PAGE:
Still, students won’t understand the true intensity of the program until they arrive. “Some kids who are 16 and 17 years old enter school and realize they haven’t had the foundation or the right equipment—there’s a lot of catching up to do,” says Fredmann.

Find out if there are transitional training programs available to new students. For instance, when dancers arrive at Interlochen Arts Academy in Michigan, they are screened to identify strengths and weaknesses and  given catered exercises. “Most of the time they need to take a step backward,” says Interlochen’s director of dance, Cameron Basden. “They can do some steps really well, but they don’t know how to put things together.” She acknowledges that competition dancers succeed because of their work ethic and enthusiasm. As great performers, they tend to channel that energy into their studies.

 

Fostering a Lasting Connection

It can be difficult to say good-bye to a dancer you’ve invested in. “Once you get the news,” says Jarnot, “it stings a little bit. But if they want to pursue a career in ballet, and you know that’s what they should be doing, it’s easy to let go.”

To manage the loss of a leading dancer, Jarnot turns her attention to younger students. It reminds her of the studio’s purpose: to support and encourage kids. As the dancers age, they will continue to feed the studio. “You have to build from the bottom. As much as that star will be missed, there’s always someone to fill those shoes,” she says.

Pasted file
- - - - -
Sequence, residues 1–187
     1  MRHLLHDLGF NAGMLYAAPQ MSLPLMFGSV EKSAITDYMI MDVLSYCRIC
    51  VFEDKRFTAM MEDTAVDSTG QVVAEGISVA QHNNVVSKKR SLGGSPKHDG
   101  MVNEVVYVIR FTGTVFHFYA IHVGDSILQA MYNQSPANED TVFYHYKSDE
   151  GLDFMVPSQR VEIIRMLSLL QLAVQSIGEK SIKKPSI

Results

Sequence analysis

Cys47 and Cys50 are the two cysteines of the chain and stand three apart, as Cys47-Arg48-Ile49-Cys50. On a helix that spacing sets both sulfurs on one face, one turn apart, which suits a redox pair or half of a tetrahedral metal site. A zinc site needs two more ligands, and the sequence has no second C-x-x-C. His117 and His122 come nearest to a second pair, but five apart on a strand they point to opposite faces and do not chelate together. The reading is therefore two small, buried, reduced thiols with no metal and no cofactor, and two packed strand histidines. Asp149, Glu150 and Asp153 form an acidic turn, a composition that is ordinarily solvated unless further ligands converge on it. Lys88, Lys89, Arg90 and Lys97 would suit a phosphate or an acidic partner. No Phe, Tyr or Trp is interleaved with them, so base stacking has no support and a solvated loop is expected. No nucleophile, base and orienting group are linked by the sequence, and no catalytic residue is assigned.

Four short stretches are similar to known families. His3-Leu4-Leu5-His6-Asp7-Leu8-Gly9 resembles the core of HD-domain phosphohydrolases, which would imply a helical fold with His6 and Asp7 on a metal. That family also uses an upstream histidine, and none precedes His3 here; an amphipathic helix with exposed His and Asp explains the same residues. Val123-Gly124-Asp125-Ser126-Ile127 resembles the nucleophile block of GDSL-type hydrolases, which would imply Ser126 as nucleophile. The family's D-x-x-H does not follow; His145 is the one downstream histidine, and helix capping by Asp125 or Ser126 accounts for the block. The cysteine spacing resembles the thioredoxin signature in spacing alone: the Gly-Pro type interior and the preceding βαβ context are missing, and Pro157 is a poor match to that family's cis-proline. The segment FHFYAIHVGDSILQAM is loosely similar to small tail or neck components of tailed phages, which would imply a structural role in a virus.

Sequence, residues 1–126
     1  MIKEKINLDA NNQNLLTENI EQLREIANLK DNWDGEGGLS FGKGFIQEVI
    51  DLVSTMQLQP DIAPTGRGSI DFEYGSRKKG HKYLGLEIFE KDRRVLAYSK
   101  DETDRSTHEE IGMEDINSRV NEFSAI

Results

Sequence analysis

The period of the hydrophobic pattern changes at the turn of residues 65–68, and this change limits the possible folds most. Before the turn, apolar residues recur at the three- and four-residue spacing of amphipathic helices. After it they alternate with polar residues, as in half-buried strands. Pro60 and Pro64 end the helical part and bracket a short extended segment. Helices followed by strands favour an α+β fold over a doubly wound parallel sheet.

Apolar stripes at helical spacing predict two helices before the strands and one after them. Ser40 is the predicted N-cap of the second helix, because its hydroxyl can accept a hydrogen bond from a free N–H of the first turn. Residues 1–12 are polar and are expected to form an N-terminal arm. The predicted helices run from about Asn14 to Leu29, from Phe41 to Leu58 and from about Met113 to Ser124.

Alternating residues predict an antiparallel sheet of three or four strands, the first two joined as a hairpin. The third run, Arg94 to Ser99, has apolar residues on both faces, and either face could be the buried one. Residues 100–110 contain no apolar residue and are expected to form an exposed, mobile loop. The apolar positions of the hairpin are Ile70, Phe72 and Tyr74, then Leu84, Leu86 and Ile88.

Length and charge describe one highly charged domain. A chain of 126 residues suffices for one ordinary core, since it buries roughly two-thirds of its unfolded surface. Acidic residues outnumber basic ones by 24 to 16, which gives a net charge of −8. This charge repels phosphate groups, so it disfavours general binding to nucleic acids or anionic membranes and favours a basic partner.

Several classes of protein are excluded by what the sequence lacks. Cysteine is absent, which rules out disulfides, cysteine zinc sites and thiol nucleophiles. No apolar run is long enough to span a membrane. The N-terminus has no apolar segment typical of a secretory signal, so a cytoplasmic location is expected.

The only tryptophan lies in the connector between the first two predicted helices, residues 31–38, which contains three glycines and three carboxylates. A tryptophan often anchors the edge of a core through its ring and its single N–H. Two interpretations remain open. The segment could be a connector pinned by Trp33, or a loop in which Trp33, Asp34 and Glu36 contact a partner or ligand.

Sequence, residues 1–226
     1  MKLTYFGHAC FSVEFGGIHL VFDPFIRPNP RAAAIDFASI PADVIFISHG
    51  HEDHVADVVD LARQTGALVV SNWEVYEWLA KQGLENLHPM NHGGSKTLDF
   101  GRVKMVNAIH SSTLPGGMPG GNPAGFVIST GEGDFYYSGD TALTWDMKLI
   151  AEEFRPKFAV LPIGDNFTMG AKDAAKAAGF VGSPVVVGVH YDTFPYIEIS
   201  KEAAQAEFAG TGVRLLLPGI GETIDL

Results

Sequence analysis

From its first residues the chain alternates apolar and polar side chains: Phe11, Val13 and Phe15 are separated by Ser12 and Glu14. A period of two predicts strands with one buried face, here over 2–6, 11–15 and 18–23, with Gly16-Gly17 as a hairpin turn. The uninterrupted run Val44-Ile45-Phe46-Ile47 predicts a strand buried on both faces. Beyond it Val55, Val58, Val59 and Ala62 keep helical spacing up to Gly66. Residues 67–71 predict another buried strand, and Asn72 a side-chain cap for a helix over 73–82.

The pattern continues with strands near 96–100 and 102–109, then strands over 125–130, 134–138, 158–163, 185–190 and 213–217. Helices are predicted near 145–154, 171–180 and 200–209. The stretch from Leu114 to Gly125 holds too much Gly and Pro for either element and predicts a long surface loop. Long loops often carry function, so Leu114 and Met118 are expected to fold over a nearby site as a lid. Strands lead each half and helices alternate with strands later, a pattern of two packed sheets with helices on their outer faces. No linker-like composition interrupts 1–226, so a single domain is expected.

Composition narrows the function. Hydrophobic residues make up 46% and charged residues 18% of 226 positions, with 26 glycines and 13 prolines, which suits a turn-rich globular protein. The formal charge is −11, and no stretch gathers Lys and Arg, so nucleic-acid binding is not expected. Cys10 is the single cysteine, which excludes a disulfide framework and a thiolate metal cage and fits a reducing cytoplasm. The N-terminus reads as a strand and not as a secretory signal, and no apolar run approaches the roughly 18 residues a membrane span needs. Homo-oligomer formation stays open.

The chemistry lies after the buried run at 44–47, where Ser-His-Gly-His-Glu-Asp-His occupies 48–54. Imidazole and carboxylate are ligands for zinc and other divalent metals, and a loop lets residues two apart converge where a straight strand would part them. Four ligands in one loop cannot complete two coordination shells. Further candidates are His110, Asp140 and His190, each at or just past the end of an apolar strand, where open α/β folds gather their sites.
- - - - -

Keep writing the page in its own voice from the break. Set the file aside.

Stay in touch and encourage your dancer to return often. Canterna Hardy still choreographs for her student at The Rock School and taught a master class there through the connection. Peck says that choreographing at her mom’s studio, the Bakersfield Dance Company, lets her take a ballet vacation and revisit her jazz roots.

The key to maintaining your students’ business is to nurture your connection. They’ll bring outside experience, inspire the little ones and even lead you to new business opportunities.  It’s a win-win for everyone. DT

 

Julie Diana is a principal dancer with Pennsylvania Ballet. She has a BA in English from the University of Pennsylvania.

 

Photo: NYCB principal Tiler Peck left California at 11 to dance in New York City; by Paul Kolnik, courtesy of New York City Ballet

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Courtesy Tonawanda Dance Arts

If you're considering starting a summer program this year, you're likely not alone. Summer camp and class options are a tried-and-true method for paying your overhead costs past June—and, done well, could be a vehicle for making up for lost 2020 profits.

Plus, they might take on extra appeal for your studio families this year. Those struggling financially due to the pandemic will be in search of an affordable local programming option rather than an expensive, out-of-town intensive. And with summer travel still likely in question this spring as July and August plans are being made, your studio's local summer training option remains a safe bet.